Alternatives

Articles about the alternatives to capitalism both in terms of practical experimentation and theoretical study

Review: Iain M. Banks' The Culture series.

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When Iain Banks shuffled off this mortal coil in June of last year, sci-fi geeks in general and lefty sci-fi geeks in particular, mourned the fact that there wasn't a backup copy of his personality stored somewhere. In the universe he created in his acclaimed The Culture series of sci-fi novels, that almost certainly would have been the case. Transplanted into a new body, biological or artificial, or even brought back in virtual reality or as an adjunct to the mind of a Culture ship, he could have continued writing the books we've come to know and love for another few hundred years.
 

Do workers’ co-operatives help or hinder the building of a libertarian communist society?

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Workers’ co-operatives have always been championed by sections of the left and wider labour movement - from their advocacy by 19th century Welsh social reformer and utopian socialist Robert Owens to Proudhon through to their existence in various state capitalist countries today such as Cuba. While workers’ co-operatives can provide a small example of anarchist ideas based on self-management, direct democracy and mutual aid in action, we should not be blinded by their contradictions and should query their effectiveness as a strategy for real revolutionary transformation.

The basics of Participatory Economics

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In the last issue we had a missive from the future. It told us of the great changes in the post-revolutionary anarchist world. In this article of the future society series, I will focus solely upon an anarchist vision of a future economy. This is called participatory economics, often abbreviated parecon, a classless economic system proposed primarily by activist and political theorist Michael Albert and, among others, economist Robin Hahnel. The model was developed through the 70s and 80s and the first exclusively parecon books were published in 1991. Many of their early writings concentrated on what they perceived as flaws in Marxist and Marxist-Leninist theory.

BACK to the FUTURE: Imagining the Future in a post-revolutionary world

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Editors’ Note:
Much of our time as revolutionaries is spent on the routine of organising in the here and now – building a campaign, organising for a demonstration, planning for a trade union meeting….  Too often we don’t manage to take time to step back from the here and now and imagine or envisage what it’s all about.  But without dreaming, without imagining a future the daily humdrum can seem dispiriting.

Will the real communists please stand up

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Today the word "communism" is most often associated with the totalitarian one-party states of Soviet Russia or China. Nothing could be further from the anarchist goal of a stateless, free society. So the association of anarchism with communism seems, at first sight, perverse.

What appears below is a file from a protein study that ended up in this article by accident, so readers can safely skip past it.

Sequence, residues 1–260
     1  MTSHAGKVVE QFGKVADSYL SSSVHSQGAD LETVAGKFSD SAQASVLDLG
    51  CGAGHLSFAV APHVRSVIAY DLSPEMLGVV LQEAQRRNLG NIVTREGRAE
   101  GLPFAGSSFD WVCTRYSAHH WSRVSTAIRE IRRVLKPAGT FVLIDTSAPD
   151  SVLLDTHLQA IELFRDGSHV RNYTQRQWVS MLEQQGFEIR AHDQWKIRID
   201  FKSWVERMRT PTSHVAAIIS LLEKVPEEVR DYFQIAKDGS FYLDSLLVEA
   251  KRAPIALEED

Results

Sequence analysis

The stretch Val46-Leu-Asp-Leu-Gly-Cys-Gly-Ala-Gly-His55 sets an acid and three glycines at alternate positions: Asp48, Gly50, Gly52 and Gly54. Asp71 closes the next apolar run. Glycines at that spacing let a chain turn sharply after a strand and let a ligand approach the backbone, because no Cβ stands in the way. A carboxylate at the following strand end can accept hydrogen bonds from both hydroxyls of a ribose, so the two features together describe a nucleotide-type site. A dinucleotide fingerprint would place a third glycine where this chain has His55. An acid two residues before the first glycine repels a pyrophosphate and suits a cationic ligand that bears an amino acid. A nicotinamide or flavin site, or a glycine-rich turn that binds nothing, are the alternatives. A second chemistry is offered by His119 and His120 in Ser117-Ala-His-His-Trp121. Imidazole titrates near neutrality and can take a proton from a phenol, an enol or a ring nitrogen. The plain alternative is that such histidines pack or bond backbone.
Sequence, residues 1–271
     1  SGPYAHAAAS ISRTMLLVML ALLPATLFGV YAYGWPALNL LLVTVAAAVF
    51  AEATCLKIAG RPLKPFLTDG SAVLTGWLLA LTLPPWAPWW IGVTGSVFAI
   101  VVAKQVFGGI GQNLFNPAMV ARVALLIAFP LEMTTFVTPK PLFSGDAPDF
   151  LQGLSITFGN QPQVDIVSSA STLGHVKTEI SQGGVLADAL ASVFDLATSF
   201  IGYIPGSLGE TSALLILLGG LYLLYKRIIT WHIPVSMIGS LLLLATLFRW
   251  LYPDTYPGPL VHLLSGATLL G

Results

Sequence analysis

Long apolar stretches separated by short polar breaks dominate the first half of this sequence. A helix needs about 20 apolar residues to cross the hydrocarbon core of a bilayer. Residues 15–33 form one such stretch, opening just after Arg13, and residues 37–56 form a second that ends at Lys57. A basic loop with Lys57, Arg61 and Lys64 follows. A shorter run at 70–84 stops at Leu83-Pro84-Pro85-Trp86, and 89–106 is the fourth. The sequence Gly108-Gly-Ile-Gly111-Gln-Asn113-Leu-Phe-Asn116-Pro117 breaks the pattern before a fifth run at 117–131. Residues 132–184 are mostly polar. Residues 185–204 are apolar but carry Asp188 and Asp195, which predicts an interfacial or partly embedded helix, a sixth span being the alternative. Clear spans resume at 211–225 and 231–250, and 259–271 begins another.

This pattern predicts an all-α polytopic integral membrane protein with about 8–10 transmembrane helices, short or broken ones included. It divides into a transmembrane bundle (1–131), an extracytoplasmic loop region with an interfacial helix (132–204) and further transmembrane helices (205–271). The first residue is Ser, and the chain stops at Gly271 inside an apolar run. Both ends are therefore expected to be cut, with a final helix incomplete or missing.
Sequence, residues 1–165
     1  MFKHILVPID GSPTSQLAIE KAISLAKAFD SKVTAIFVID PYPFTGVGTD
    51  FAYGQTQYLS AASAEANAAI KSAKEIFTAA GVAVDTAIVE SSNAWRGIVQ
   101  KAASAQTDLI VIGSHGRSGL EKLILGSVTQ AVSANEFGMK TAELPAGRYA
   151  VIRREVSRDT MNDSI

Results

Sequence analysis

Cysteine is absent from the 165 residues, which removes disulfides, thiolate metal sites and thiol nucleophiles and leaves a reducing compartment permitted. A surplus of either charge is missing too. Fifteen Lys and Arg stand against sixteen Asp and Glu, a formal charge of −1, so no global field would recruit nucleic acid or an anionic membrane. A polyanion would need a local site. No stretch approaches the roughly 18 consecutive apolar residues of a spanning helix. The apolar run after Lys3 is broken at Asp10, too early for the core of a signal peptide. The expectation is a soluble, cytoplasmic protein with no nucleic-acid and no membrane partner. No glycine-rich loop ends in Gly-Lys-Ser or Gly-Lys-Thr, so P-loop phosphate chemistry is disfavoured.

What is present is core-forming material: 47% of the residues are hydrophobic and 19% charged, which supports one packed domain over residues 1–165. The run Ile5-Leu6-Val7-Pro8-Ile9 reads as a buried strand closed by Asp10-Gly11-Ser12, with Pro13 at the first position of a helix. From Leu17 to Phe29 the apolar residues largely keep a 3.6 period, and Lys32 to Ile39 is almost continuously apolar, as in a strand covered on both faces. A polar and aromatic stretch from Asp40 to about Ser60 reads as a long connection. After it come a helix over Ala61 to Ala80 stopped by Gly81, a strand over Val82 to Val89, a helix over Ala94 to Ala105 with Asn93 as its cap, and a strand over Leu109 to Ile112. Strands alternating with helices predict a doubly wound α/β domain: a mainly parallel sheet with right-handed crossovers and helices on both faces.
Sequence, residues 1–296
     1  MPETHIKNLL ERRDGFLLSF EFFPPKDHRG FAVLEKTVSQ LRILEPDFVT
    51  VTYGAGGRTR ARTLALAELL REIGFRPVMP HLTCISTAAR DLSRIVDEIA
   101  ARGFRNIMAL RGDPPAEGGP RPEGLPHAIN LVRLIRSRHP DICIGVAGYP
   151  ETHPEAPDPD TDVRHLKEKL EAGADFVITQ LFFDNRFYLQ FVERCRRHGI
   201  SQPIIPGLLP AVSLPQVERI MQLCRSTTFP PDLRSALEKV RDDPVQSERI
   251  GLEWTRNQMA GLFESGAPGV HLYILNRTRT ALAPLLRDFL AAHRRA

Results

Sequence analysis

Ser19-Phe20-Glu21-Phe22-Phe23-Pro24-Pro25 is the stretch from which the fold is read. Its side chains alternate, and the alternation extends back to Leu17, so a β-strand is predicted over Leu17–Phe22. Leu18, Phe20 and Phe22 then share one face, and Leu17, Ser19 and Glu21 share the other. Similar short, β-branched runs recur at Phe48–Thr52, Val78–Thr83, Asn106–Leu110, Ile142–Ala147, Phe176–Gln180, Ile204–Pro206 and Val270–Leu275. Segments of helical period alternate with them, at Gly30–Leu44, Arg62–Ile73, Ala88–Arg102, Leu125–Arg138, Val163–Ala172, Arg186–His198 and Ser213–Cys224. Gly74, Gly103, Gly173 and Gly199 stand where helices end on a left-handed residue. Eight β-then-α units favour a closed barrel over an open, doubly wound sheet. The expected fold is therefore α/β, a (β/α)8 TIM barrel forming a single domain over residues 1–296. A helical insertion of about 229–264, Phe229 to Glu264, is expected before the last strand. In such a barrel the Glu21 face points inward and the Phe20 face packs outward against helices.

Anarchism and the Kibbutz movement - Audio

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An mp3 talk on the Kibbutz movement in Palestine / Israel focusing on the radical and anarchist elements of it.

A look at the Kibbutzim in Israel

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The Kibbutz (plural Kibbutzim meaning clustering) movement is a social movement with a long history and one that has numerous connections with Anarchism. It is comprised of many different ideologies and philosophies many with contradictory intentions, sometimes present in the same Kibbutz.

The Economy of the Revolution - After the revolution

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If we are to envision this world as an improvement over our current one, it will be absolutely necessary to retain the advances made during the industrial, and even more importantly the recent agricultural revolution. To fail to do so would be no less than mass genocide. The productive capacity of the world in terms of food, goods and services is enormous. In order to feed the hungry and cloth the naked, we will need an efficient system of production allocation and distribution.

The Importance of the Spanish Revolution

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Today a social revolution that took place seventy years ago is remembered by libertarian socialists as an example of how our ideas can work. The Spanish revolution came closer to realising the possibilities of a free stateless society on a huge scale than any other revolution in history. (Image: Anarchist Milita woman during the revolution) 

What type of society do anarchists want to live in?

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Anarchism essentially sees a free society where everybody has the opportunity to live as they want as achievable. But what does that mean in practice, and how do we get there.

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